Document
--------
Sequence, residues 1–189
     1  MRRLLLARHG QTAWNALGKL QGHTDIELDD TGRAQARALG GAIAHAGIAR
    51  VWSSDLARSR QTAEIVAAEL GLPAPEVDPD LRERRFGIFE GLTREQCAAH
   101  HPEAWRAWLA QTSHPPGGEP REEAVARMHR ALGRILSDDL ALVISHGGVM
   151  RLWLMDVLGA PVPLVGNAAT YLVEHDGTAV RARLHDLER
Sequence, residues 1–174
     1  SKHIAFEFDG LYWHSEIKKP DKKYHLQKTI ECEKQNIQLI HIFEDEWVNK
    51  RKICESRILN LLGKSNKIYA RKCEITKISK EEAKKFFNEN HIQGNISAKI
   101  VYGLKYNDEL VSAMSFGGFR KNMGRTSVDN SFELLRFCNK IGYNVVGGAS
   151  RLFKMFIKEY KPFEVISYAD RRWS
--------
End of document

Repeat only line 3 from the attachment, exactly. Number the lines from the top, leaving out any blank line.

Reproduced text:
    51  VWSSDLARSR QTAEIVAAEL GLPAPEVDPD LRERRFGIFE GLTREQCAAH